The new CBS sitcom, "United States of Al," is made of the stuff of news reports: an American soldier struggling to adjust to life at home after battle, paired with the resettling of an Afghan in the U.S. who assisted the military.
The show, produced by longtime showrunner Chuck Lorre and created by Dave Goetsch and Maria Ferrari, focuses on the bond between Marine combat veteran Riley, who is returning to life in Ohio, and his interpreter Awalmir, nicknamed "Al", who served with Riley's unit in Afghanistan and has recently moved to to the U.S. to start a new life.
Lorre, known for his work on "Two and a Half Men," "Roseanne" and "The Big Bang Theory," says the show "is very much about their friendship and their devotion to one another."
"It's also a very important show about something that we need to pay attention to, which is the promises that were made to these men that are still left unfulfilled," he told CBS News chief Washington correspondent Major Garrett on "The Takeout" this week.
Awalmir's character represents one of almost 19,000 Afghans who applied for and received a Special Immigrant Visa (SIV) for their work aiding U.S. forces. Approval of these visas can take years, and the COVID-19 pandemic slowed the process further. According to a State Department report from 2020, 18,864 SIVs still remained unprocessed as of September 2019, the most recent figures available. Those applications represent over 70,000 Afghans, including immediate family members who would also emigrate, according to the Washington Post.
Goetsch, and Ferrari also joined Garrett to discuss their creative process in bringing the show to air, and retired General David Petraeus and former U.S. ambassador Ryan Crocker spoke about their work for No One Left Behind which helps prospective SIV beneficiaries and those who have made it to the U.S.
"It's really a moral obligation that we have to those who have essentially served alongside and sacrificed and shared risk with our men and women in uniform on the ground in Iraq and Afghanistan in particular [to get SIV recipients to the United States]," Petraeus said. "They have literally put their own security in jeopardy and often that of their family members as well."
"The process is very, very slow….You could literally land a rover on Mars within seven months. But this takes something like three and a half years – and that's when it's working," Petraeus said.
Crocker, a former ambassador to Afghanistan, Iraq and Pakistan, called on the U.S. to allocate "the resources and the mechanisms to process these cases in three months, not three years."
"Al evokes the very best of what it is to be an American devotion to family, hard work, relentlessly hard work, discipline, and a ridiculous sense of humor," Lorre said.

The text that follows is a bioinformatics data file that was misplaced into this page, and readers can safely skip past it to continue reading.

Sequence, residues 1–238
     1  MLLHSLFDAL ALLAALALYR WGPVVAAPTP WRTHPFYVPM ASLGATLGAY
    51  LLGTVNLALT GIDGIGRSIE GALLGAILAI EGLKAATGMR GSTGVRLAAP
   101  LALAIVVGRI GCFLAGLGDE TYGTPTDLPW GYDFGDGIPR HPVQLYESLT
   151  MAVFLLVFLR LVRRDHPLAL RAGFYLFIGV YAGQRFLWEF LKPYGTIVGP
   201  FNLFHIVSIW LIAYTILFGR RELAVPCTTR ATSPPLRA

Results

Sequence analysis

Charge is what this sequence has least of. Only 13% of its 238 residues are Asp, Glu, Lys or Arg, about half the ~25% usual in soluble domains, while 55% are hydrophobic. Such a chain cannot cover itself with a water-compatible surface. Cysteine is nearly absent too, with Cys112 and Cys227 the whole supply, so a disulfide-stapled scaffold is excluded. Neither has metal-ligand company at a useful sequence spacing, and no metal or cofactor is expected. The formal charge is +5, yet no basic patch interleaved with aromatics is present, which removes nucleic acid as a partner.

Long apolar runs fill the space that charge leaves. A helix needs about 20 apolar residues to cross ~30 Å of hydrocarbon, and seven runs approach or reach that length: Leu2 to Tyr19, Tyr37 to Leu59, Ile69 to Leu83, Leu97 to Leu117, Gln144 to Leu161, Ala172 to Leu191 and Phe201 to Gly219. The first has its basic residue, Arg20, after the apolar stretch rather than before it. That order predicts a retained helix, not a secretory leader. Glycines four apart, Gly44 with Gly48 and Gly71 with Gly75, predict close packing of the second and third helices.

Ferrari and Goetsch acknowledged that the show's plot presented unique challenges.
"We're dealing with some very serious, real life issues that need to be handled with respect and accuracy and care, particularly the representation of a Pashtun Afghan for maybe the first time in broadcast television history and the representation of a soldier, a Marine, coming home and adjusting to civilian life," Ferrari said.
But for Goetsch, those issues are also an avenue into humor. "Some of the biggest laughs come when you're a little bit uncomfortable," Goetsch said. "I think the show lives on in that space."
"United States of Al" premieres April 1 at 8:30/7:30c on CBS.
- Petraeus on promises made to Afghans who worked for U.S. forces: "It's really a moral obligation that we have to those who have essentially served alongside and sacrificed and shared risk with our men and women in uniform on the ground in Iraq and Afghanistan in particular. Some of them have been killed in the line of duty. Others have been killed by the Taliban or by the extremists in Iraq. They have literally put their own security in jeopardy and often that of their family members as well."
- Petraeus on whether television audiences are ready for a show about soldiers returning from war: "It's jarring actually to come home after having been deployed for six months or a year or even more. And it's even more jarring to do it repetitively, as so many of those did during the height of the war years in Iraq and then in Afghanistan. So, I do think that it is time. And I think that we will find out also that the country is ready."
- Chuck Lorre on the relationship between Riley, the Marine, and Al, his unit's translator: "It is very much about their friendship and their devotion to one another. And adding to that is there's a fish out of water story that's implicit in that. This character is astonished by the style of life that's available to him here."
- Writer Maria Ferrari on the challenges presented in "The United States of Al": "We're dealing with some very serious, real life issues that need to be handled with respect and accuracy and care, particularly the representation of a Pashtun Afghan for maybe the first time in broadcast television history and the representation of a soldier, a Marine, coming home and adjusting to civilian life."
For more of Major's conversation with the creative team of "United States of Al," Petraeus and Crocker, download "The Takeout" podcast on Art19, iTunes, GooglePlay, Spotify and Stitcher. New episodes are available every Friday morning. Also, you can watch "The Takeout" on CBSN Friday at 5pm, 9pm, and 12am ET and Saturday at 1pm, 9pm, and 12am ET. For a full archive of "The Takeout" episodes, visit www.takeoutpodcast.com. And you can listen to "The Takeout" on select CBS News Radio affiliates (check your local listings).
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